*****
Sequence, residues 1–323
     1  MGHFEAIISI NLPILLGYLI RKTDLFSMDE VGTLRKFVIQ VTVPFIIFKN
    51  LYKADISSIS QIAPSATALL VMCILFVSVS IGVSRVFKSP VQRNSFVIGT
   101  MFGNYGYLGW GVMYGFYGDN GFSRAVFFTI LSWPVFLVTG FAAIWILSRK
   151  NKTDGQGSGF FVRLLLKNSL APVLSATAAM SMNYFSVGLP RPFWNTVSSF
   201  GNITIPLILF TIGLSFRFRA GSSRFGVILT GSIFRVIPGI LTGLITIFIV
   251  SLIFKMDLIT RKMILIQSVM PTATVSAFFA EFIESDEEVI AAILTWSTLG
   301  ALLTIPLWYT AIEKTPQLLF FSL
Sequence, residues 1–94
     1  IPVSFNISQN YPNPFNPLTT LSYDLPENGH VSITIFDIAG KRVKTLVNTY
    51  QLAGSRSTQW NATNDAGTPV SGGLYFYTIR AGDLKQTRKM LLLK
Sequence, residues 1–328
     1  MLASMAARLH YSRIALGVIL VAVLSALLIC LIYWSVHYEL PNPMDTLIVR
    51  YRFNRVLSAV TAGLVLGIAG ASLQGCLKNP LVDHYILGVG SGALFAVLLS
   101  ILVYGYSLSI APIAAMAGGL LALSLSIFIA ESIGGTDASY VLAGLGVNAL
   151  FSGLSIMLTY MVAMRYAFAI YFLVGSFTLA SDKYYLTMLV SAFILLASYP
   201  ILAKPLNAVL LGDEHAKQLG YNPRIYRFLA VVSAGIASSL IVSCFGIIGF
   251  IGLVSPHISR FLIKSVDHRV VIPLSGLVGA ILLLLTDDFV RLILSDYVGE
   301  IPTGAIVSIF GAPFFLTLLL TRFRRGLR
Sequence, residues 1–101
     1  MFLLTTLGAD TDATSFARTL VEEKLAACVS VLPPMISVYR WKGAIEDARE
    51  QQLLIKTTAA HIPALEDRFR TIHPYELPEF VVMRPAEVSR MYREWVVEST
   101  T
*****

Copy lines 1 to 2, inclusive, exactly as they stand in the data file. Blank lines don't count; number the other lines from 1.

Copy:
Sequence, residues 1–323
     1  MGHFEAIISI NLPILLGYLI RKTDLFSMDE VGTLRKFVIQ VTVPFIIFKN